about what they needed most; a father who was around at nights to give
them love and support.”
This story and our gospel today illustrates the same point. We can
get so involved in what we are doing that we forget why we are doing it.
We can get so involved in living that we forget the purpose of living. We
can get so involved in pursuing the things money can buy that we forget
about the things money can’t buy. It’s this kind of mistake that Martha
made in today’s gospel. She got so involved in cooking a meal for Jesus
that she forgot why Jesus had come. He didn’t come for a free meal. He
came to be with friends. You and I live in a very fast-paced world. It’s so
easy to lose our balance. It’s so easy to lose our perspective; it’s so easy
to get our priorities mixed up. It’s so easy to lose sight of what we are
doing and why we are doing it.
During the World War II, a young soldier was stationed on the
island of Saipan in the South Pacific. He said that during this time he
and his friends used to go for swims in a secluded spot, just off the steep
cliffs of the island. It was a lovely place surrounded by rocks. When they
arrived, the water was so clear they could see fish ten feet below the
surface. After they had swam for an hour, however the water became so
clouded with sand, churned up from the bottom, that they couldn’t see a
foot below the surface. But the next day when they returned for another
swim the sand had settled. The water was crystal clear again. Our mind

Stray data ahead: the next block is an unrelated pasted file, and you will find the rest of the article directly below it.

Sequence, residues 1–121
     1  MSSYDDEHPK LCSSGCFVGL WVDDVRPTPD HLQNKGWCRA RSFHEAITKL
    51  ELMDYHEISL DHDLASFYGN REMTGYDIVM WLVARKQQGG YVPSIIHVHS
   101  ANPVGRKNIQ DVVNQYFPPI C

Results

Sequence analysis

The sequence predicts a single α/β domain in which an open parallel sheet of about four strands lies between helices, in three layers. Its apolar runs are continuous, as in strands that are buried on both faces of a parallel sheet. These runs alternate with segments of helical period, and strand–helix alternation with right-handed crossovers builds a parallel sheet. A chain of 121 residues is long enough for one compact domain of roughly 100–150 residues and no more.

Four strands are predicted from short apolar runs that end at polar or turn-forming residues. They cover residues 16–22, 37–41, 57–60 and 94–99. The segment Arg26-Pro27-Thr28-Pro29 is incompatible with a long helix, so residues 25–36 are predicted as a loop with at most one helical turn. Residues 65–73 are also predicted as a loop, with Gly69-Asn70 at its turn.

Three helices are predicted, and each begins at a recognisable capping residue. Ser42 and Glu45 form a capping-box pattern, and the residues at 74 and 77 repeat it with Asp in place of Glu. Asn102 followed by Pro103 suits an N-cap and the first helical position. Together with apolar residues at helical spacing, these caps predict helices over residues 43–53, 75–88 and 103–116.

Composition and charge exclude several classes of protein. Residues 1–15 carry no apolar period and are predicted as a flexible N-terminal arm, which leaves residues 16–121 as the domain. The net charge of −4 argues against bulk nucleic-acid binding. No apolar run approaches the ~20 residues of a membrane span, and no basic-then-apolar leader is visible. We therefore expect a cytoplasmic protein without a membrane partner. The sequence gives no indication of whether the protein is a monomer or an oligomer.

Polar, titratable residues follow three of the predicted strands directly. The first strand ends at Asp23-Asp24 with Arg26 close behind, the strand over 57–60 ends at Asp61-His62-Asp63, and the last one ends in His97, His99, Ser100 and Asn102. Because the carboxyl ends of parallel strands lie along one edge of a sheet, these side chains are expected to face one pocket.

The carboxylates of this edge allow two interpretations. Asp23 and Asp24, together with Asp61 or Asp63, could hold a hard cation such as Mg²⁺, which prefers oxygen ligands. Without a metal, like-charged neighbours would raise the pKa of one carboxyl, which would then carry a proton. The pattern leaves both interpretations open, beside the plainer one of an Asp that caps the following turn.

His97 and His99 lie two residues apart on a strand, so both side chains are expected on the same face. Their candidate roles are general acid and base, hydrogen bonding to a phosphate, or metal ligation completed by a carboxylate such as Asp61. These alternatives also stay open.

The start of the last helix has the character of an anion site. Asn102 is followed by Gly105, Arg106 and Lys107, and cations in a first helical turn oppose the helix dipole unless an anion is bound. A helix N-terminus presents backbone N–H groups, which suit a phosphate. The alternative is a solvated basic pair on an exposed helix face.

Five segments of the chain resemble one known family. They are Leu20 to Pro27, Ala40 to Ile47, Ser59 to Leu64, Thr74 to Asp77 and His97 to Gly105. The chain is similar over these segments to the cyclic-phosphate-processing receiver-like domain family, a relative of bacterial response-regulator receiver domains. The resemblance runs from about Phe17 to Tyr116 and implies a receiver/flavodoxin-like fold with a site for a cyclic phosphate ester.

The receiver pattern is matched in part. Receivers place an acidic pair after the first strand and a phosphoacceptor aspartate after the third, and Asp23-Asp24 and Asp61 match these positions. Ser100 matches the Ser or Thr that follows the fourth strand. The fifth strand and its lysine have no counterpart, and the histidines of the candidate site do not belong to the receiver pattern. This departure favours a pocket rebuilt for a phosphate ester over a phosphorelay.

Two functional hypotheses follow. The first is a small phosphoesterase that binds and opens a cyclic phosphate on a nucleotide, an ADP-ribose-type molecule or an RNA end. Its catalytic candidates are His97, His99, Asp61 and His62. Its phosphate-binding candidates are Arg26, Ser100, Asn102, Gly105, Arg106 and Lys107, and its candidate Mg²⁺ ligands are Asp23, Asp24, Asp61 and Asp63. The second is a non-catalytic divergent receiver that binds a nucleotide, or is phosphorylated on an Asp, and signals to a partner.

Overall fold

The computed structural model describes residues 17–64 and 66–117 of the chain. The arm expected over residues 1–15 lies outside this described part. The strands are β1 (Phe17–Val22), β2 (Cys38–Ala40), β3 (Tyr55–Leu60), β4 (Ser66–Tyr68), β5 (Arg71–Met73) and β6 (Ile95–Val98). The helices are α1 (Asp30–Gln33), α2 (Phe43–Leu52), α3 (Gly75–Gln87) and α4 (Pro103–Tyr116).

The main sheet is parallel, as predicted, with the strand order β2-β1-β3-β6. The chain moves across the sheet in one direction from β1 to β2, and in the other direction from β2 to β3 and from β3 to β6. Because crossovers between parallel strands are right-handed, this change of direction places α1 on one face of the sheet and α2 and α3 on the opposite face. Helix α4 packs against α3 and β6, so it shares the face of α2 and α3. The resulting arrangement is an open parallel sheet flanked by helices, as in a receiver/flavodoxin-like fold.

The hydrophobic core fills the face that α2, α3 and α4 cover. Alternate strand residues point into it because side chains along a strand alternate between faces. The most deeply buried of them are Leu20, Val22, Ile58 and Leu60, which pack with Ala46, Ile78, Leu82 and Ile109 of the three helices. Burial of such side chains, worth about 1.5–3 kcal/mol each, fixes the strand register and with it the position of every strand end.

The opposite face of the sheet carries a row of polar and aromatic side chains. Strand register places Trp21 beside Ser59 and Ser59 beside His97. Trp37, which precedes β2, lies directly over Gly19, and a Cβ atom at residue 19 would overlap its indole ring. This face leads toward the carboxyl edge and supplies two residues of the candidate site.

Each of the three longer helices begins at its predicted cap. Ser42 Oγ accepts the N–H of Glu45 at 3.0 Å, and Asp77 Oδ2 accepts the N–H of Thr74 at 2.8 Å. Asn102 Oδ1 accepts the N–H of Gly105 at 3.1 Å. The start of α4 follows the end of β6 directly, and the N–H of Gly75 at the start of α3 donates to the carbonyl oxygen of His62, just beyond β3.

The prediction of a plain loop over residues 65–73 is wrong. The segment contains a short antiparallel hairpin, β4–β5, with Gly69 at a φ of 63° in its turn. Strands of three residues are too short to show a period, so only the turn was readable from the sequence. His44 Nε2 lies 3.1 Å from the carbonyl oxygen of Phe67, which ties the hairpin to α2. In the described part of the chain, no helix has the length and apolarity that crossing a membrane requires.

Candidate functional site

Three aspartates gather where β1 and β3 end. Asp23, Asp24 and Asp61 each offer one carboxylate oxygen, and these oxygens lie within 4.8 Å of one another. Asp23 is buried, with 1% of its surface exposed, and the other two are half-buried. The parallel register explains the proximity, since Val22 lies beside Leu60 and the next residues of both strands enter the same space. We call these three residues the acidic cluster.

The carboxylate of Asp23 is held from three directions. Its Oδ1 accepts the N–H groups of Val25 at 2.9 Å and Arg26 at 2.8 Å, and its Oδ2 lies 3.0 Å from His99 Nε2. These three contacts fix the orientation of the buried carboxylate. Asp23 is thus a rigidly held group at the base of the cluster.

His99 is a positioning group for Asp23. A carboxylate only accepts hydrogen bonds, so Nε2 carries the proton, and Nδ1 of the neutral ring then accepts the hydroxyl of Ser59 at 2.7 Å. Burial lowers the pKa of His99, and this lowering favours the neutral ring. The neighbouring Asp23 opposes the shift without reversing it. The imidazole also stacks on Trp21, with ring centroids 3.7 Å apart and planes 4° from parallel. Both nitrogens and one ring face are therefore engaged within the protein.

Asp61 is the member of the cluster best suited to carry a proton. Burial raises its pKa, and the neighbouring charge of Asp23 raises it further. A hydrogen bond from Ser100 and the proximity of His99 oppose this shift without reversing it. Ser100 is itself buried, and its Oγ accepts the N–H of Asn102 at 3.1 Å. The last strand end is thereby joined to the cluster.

is like that water. It too can get so clouded up from the turmoil of
everyday living that it’s hard for us to see clearly. We lose sight of
everything; our perspective gets clouded; our priorities get confused; our
balance gets destroyed. What we need to do when this happens is to
pause and let the murky waters of the mind become clear again.
We need to do what Mary did in today’s gospel. We need to sit at
the feet of Jesus in quiet prayer. We need to let him teach us what is
important and what is not. How do we do this? Practically, let me share
with you a simple method of prayer. Each night before falling asleep, we
take three minutes to do three things. During the first minute, we pause
and do a mental replay of our day. We pick out the day’s high point,
something we are happy about, like getting a letter from an old friend.
Then, we speak to Jesus about it very sincerely. Finally, we conclude by
giving thanks to Jesus for the letter and the friend. During the second
minute, we do a second mental replay or our day. Only this time we pick
out the low point in it, something we’re sorry about, like yelling at a
parent, a spouse, or a child. We speak to Jesus about this weakness and
ask him to forgive us and to heal us. Finally, during the third minute, we
look ahead to tomorrow, to a critical point. We think of some difficult
thing we must do, like talking to a parent, a spouse, or a child about a
problem that has arisen. We speak to Jesus about it and ask his light and
his strength in handling it. No matter how busy we are, three (3) minutes
a day can put us in touch with life and in touch with Jesus.
I close with a prayer for us busy people; Lord, Keep us from
getting so involved in life that we forget why you gave us life. Keep us
from getting so involved in living that we forget the purpose of living.
Keep us from getting so involved in pursuing the things money can buy
that we forget about the things money can’t buy.